Tuesday, May 19, 2009

Wanda Sykes: Comedian-in-Chief

Hey Vida, this Slate piece by Christopher Hitchens on Wanda Sykes was being discussed on Twitter last night and I had to chime in: http://www.slate.com/id/2218465/

First things first: I think Christopher Hitchens needs to lay off the dairy because methinks he might be a little constipated...

Did we experience the same White House Correspondents Dinner? Because the Wanda Sykes I saw "brought it" with the same trademark biting, wryly hysterical wit that made her a hit on HBO's Chris Rock Show. Hitchens' clear unfamiliarity with Sykes and her humor and the suggestion that she "didn't get" what her role was supposed to be underscores that the script is being rewritten in the Beltway in a way that old hacks like him still aren't ready for.

He references Correspondents' Dinners past and notes that those comics tweaked the noses of the presidents. He asserts, in fact, the role of the comic at these events is to tweak the nose of the president -- to roast him. Does anybody even remember previous WHCD's? Name one comic who performed in the last five years besides Stephen Colbert...exactly. Crickets.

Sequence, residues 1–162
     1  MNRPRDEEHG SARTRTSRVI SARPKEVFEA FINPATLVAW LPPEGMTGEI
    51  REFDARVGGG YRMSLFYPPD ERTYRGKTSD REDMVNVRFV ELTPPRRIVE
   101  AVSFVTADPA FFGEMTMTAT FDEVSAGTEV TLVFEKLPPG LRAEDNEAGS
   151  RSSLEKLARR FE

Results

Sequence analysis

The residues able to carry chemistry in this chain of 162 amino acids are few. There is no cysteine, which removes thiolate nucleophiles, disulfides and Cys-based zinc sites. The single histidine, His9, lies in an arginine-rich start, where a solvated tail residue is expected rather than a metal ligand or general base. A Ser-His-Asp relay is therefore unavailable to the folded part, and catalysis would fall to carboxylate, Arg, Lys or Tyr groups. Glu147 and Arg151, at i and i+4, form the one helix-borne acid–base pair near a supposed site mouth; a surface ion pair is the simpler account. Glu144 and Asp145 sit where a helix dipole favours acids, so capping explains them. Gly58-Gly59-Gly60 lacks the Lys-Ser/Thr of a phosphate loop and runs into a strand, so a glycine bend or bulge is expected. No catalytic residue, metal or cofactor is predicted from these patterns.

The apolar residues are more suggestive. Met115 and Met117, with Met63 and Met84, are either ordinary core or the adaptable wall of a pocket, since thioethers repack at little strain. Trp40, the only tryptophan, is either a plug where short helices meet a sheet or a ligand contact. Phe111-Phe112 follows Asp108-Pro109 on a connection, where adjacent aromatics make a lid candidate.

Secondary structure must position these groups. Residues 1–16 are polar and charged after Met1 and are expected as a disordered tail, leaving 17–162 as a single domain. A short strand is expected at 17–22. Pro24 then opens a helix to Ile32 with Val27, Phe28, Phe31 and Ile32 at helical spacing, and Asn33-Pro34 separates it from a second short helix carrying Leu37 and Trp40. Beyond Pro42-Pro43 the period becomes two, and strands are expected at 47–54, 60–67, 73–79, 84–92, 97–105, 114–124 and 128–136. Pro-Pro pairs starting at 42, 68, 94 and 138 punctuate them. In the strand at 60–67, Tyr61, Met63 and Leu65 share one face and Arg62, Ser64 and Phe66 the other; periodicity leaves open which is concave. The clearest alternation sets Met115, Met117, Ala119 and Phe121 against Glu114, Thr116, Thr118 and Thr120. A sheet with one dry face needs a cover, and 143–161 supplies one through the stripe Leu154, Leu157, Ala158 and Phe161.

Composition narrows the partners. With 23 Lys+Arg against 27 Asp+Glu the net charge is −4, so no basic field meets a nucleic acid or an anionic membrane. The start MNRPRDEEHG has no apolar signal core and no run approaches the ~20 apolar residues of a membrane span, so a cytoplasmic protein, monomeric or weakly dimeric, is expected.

It was another one of those small but meaningful moments that normalized our presence and influence by having an African-American Commander-in-Chief. This year's dinner brought with it an entirely new audience. Now, I'm a news geek and have watched the dinner previously on C-Span but I can't tell you how many folks emailed, Tweeted, texted and sent Facebook messages about it -- African-Americans, youth, etc. I know firsthand the rigors of the vetting process for anybody who appears with this POTUS, so, trust me, Wanda Sykes was carefully screened before she got up there clowning Rush Limbaugh and Sean Hannity.

Sykes was excoriated for "joking" about the 9/11 tragedy and had to defend it. I loved her response to a reporter asking her if she thought 9/11 was funny. She quipped, "No, of course 9/11 isn't funny...but the joke wasn't about 9/11."

Well, exactly.

What Hitchens' and writers like him don't get (he even called her "loud" -- the default criticism by whites scared of Black women...) is that her appearance was part of the larger history and continuum of the role of Black comedians who, in our community, have always been among the most salient griots and soothsayers. Why would Sykes "roast" Pres. Obama when the right already does that everyday? No, this night was about bringing the keen, deeply brilliant and unique insights of an African-American comedian to the fore. Because in somebody's house, on somebody's front porch, at somebody's cookout, Big Mama and Uncle Ray Ray and 'nem have thought something similar about Rush Limbaugh, Sean Hannity and other reactionaries who wake up in the morning thinking about how they can take this uppity negro president of ours down a notch.

So, to Hitchens, I say: Get over it. Or, at least, get used to it. Like the Will.I.Am song says, "It's a new day."

Hit me back, chica.


1 comment: